Hyman wins Fraunhofer Award
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Jeffrey De’Haven Hyman of the Lab's Computational Earth Science group has received the 2015 Award for Young Researchers from the International Society for Porous Media (InterPore), on behalf of the Fraunhofer Institute for Industrial Mathematics. This award is presented to young researchers who have completed a doctorate within the past three years and who are making outstanding research contributions in the areas of porous and composite materials modeling and computer simulation. Hyman is recognized as a leader in the accurate modeling of pore scale flow and transport in diverse and complex pore structures.
Hyman received the award during the 2015 InterPore conference in Padova, Italy. As the award winner, he has been invited to spend approximately three months on joint research at the Fraunhofer Institute for Industrial Mathematics.
Hyman received a doctorate in applied mathematics with a minor in hydrology and water resources from the University of Arizona. In 2015, the Laboratory’s Center for Nonlinear Studies (CNLS) awarded him postdoctoral funding to pursue research at the Lab. Hyman splits his time between CNLS and EES-16.
Hyman’s research in applied mathematics and subsurface hydrology has advanced the understanding of complex subsurface hydrological systems and has revealed subtle links between porous media structure and flow and transport dynamics. He used high performance computing to create detailed physical simulations of flow in large, kilometer-scale, fracture networks and small, micrometer-scale, explicit pore microstructures. These simulations require the stochastic generation of realistic fracture networks and pore-structures based on geological data, one of Hyman’s areas of expertise. He is a core developer of the computational software suite dfnWorks where his specialty is the generation of the fracture network and analysis of Lagrangian transport simulations.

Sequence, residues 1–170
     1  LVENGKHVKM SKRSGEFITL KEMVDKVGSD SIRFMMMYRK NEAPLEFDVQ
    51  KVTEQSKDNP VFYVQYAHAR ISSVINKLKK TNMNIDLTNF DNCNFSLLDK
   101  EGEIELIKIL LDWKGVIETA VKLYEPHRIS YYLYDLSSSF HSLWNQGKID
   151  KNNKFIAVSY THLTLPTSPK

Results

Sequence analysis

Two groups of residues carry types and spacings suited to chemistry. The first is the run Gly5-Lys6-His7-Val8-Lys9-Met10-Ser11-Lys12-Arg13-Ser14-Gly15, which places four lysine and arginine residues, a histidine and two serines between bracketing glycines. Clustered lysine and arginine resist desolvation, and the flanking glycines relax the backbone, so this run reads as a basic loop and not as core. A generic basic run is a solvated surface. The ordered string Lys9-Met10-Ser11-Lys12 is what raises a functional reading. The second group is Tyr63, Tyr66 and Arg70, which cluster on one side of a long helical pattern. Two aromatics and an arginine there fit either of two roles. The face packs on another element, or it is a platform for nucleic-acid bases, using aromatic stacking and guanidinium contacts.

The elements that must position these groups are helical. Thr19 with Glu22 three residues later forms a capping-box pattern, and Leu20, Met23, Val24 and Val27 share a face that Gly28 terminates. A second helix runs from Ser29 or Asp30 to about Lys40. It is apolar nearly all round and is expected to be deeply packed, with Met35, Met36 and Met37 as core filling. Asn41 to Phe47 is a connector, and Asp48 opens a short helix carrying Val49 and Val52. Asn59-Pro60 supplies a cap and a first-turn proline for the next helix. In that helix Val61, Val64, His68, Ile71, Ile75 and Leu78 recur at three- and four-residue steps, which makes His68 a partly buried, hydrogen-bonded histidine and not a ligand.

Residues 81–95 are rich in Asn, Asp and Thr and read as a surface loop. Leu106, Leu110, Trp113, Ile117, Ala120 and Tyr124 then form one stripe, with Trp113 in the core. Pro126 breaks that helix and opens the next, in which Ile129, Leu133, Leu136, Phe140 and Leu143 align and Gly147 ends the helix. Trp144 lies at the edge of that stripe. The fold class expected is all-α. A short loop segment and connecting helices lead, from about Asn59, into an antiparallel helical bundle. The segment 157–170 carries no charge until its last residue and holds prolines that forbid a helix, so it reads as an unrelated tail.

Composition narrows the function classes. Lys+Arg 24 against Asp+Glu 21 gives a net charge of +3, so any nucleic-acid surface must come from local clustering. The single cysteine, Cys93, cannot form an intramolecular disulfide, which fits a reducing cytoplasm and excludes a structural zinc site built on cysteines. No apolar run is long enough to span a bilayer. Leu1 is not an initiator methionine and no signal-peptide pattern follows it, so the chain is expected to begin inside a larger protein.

The International Society for Porous Media (InterPore) aims to advance and disseminate knowledge for the understanding, description, and modeling of natural and industrial porous media systems. Porous media are encountered in many natural and industrial systems: soils, aquifers, oil and gas reservoirs, biological tissues and plants, fuel cells, concrete, textiles, polymer composites, and in-tissue drug delivery. Many of these porous systems are extremely complex; therefore, traditional concepts, models, and algorithms are not directly applicable to describe them. Interpore aims to develop theories, models and measurement techniques that apply specifically to complex porous media and that are transferable between different applications.
The Fraunhofer Institute for Industrial Mathematics focuses on the development of mathematical applications for industry, technology, and economy. The main emphases are surface quality inspection, financial mathematics, visualization of large data sets, optimization of production processes, virtual material design and analysis of 3-D models of microstructures. Since its foundation in 1995, the Fraunhofer Institute has built mathematical bridges between applied sciences and concrete applications.